For years, Americans driving Subarus very quickly in the woods have had to go through the for-profit Rally America organization. As of today, the country’s top events have broken off and formed their own non-profit American Rally Association. Here’s how it all works.
Dan Downey’s truck and trailer burned down on the way to the New England Forest Rally this weekend. Did that stop him from entering the race? Hell no!
Forget Subarus—this is the kind of vehicle you need for a good rally. A ‘66 Ford pickup.
This is Stéphane Lefebvre at WRC’s Rally Poland. You might think that his car was done for the day. This was not the case.
Last weekend’s Rally Poland should have been enough excitement to bring you to your feet regardless, with total underdog Ott Tänak almost getting his first ever World Rally Championship win. But if absolutely nothing will get you off your butt, here’s a visual. Don’t sit down outside corners like this dude.
One thing’s for certain here: World Rally Championship co-driver Simone Scattolin’s balls are miraculously even larger than whatever kind of giant mutant bee he’s swatting at with his notes.
This is the most impossibly perfect comparison of how different rally cars behave around a corner I have ever seen. And I do mean impossible.
Hyundai Motorsport was fined €50,000 (approximately $56,540) from the World Rally Championship for accidentally using the wrong rear side windows on their car. They didn’t just grab the wrong ones for one event, either. The wrong windows have been in use for all of 2016.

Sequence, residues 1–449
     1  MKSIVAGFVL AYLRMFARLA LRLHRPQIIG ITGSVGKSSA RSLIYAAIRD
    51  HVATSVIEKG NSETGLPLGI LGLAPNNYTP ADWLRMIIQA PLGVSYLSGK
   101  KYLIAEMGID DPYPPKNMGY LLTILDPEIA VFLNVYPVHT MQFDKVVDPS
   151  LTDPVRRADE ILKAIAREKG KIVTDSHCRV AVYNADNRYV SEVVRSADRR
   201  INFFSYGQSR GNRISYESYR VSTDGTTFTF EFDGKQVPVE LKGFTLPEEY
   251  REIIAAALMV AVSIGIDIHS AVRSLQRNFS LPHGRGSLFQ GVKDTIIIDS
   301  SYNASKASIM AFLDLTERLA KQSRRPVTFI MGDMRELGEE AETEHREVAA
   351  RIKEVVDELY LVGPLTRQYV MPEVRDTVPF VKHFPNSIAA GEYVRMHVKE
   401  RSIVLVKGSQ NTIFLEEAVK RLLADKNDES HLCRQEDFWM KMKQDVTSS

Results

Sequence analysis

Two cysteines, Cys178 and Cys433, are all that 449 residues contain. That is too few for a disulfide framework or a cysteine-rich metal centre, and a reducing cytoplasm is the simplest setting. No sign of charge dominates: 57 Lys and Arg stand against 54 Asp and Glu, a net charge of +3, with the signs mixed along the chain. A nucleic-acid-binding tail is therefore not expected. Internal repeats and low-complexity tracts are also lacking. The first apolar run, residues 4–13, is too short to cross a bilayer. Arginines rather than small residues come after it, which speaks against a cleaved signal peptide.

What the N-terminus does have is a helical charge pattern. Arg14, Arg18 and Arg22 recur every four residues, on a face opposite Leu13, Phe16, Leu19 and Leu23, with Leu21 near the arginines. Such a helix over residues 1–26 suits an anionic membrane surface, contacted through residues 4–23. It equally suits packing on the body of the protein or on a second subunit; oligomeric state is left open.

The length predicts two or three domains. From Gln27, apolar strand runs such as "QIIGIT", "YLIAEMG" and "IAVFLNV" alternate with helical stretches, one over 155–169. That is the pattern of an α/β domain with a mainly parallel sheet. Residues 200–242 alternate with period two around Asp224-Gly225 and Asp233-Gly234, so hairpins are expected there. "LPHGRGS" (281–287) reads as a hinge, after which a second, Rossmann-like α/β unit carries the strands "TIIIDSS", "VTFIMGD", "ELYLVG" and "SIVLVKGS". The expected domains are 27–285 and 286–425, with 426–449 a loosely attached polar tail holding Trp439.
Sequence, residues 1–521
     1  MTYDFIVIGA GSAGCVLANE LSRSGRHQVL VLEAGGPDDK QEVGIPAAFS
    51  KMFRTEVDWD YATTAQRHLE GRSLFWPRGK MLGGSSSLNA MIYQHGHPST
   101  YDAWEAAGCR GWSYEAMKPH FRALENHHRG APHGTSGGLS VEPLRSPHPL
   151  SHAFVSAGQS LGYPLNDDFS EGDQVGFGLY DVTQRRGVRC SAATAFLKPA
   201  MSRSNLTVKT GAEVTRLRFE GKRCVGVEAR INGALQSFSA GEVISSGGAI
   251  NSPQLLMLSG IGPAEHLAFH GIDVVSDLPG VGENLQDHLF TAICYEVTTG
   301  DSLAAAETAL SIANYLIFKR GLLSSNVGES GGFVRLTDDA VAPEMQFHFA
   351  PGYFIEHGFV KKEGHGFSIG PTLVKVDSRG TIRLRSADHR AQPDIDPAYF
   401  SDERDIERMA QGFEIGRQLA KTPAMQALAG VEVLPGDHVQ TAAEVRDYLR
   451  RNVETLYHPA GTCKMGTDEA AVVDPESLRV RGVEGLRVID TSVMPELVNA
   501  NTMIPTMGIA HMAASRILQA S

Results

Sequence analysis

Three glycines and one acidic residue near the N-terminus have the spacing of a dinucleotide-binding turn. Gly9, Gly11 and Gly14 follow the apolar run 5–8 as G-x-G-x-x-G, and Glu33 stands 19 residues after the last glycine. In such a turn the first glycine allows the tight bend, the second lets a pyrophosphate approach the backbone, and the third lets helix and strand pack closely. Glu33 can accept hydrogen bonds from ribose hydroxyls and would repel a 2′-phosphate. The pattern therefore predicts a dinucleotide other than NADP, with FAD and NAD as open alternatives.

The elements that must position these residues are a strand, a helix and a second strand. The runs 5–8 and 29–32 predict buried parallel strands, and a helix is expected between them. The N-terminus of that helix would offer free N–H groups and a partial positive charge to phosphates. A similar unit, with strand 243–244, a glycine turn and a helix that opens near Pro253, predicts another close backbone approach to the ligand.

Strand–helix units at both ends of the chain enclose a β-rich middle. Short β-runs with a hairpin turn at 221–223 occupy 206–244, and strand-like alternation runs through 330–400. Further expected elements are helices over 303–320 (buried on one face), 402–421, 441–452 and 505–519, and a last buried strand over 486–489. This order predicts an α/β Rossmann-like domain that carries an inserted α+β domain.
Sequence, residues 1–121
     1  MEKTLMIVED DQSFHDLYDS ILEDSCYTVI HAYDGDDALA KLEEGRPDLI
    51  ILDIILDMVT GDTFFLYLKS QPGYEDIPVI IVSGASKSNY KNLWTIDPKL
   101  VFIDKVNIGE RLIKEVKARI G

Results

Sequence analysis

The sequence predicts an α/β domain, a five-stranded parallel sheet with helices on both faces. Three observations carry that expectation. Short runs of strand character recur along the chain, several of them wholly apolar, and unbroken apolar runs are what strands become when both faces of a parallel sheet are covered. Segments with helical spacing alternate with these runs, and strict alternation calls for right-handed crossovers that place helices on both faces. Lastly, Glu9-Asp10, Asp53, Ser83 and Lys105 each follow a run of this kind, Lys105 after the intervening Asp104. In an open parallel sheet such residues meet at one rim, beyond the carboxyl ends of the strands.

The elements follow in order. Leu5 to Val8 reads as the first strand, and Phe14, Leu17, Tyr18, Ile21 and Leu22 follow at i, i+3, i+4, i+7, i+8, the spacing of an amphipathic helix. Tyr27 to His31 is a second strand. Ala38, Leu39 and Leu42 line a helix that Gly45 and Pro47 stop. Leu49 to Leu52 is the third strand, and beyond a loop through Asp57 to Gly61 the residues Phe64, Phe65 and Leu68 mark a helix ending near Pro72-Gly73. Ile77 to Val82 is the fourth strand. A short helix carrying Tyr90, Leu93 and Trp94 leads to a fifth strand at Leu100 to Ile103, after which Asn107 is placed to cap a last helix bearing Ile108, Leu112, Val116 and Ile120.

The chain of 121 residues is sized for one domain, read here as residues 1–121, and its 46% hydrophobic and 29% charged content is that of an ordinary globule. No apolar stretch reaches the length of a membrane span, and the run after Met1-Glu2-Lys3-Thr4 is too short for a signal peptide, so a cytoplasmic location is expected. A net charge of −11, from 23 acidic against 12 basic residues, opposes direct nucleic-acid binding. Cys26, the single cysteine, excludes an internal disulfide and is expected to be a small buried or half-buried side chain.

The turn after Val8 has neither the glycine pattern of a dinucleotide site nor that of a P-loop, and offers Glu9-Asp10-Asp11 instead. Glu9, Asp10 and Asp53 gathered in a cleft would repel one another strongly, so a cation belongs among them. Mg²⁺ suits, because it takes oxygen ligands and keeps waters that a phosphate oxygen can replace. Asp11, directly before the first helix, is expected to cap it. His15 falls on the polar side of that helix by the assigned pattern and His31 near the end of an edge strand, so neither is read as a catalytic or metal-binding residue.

And you wonder why the Subaru WRX has a reputation for rowdiness.
Autodromo just came out with an updated version of their Group B watch and, like the cars it uses for inspiration, they’ve called it the Evoluzione. Naturally, they got a Group B rally car along for the promo work.
The Waste Management Stage of Rally America’s Susquehannock Trail Performance Rally has a sweet jump. Here’s a stream broadcasting live from said sweet jump. Is there a better way to spend a Friday afternoon than by watching rally cars make sweet jumps? No. No there isn’t.
Drones will revolutionize everything, we’ve been told. But one of the best things that’s undergoing that revolution right now is the world of racing – and there’s no better place to see it that change coming than in the World Rally Championship. Because it looks drop-dead gorgeous.
Today we got to see a cool comparison between rear-wheel-drive, front-wheel-drive, and all-wheel-drive with three classic rally cars showcasing the pros and cons of each setup. At the end of the day, everyone’s a winner.
Up and coming World Rally Championship driver Hayden Paddon rolled his Hyundai off the Ponte de Lima stage of this weekend’s Rally Portugal, starting a fire in the dry brush past the road. Ford Fiesta driver Ott Tänak rolled minutes later at the same spot.
There’s only one catch: it’s in Italian.
Simply put, you will not believe that the drivers in this video survived the crash that they show to you.
Citroën Racing is busy developing its 2017 World Rally Car in the south of Portugal. The prototype DS 3 WRC is powered by the Citroën C-Elysée WTCC car’s engine, and we want to have a go in it right now.
Ok, so he drove off the side of a mountain. That doesn’t mean he crashed.